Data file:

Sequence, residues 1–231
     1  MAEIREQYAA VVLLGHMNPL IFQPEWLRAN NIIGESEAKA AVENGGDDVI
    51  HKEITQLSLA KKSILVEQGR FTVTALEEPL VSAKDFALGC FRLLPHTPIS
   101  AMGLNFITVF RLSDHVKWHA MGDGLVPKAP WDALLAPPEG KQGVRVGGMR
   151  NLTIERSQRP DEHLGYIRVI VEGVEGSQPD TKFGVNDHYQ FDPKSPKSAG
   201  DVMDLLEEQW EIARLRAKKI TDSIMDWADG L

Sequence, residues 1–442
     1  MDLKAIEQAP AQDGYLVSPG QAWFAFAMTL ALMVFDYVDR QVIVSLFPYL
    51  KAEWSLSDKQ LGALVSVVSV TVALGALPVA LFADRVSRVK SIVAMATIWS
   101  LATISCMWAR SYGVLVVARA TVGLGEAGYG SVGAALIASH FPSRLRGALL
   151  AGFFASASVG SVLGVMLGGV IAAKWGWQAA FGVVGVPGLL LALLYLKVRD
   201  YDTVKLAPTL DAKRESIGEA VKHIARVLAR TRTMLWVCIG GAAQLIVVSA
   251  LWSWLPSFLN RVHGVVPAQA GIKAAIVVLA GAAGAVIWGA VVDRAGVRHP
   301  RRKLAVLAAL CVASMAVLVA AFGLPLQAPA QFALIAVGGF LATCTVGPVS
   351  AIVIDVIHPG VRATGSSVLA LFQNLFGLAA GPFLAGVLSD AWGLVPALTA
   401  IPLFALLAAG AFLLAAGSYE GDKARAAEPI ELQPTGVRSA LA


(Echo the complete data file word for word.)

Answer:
Sequence, residues 1–231
     1  MAEIREQYAA VVLLGHMNPL IFQPEWLRAN NIIGESEAKA AVENGGDDVI
    51  HKEITQLSLA KKSILVEQGR FTVTALEEPL VSAKDFALGC FRLLPHTPIS
   101  AMGLNFITVF RLSDHVKWHA MGDGLVPKAP WDALLAPPEG KQGVRVGGMR
   151  NLTIERSQRP DEHLGYIRVI VEGVEGSQPD TKFGVNDHYQ FDPKSPKSAG
   201  DVMDLLEEQW EIARLRAKKI TDSIMDWADG L

Sequence, residues 1–442
     1  MDLKAIEQAP AQDGYLVSPG QAWFAFAMTL ALMVFDYVDR QVIVSLFPYL
    51  KAEWSLSDKQ LGALVSVVSV TVALGALPVA LFADRVSRVK SIVAMATIWS
   101  LATISCMWAR SYGVLVVARA TVGLGEAGYG SVGAALIASH FPSRLRGALL
   151  AGFFASASVG SVLGVMLGGV IAAKWGWQAA FGVVGVPGLL LALLYLKVRD
   201  YDTVKLAPTL DAKRESIGEA VKHIARVLAR TRTMLWVCIG GAAQLIVVSA
   251  LWSWLPSFLN RVHGVVPAQA GIKAAIVVLA GAAGAVIWGA VVDRAGVRHP
   301  RRKLAVLAAL CVASMAVLVA AFGLPLQAPA QFALIAVGGF LATCTVGPVS
   351  AIVIDVIHPG VRATGSSVLA LFQNLFGLAA GPFLAGVLSD AWGLVPALTA
   401  IPLFALLAAG AFLLAAGSYE GDKARAAEPI ELQPTGVRSA LA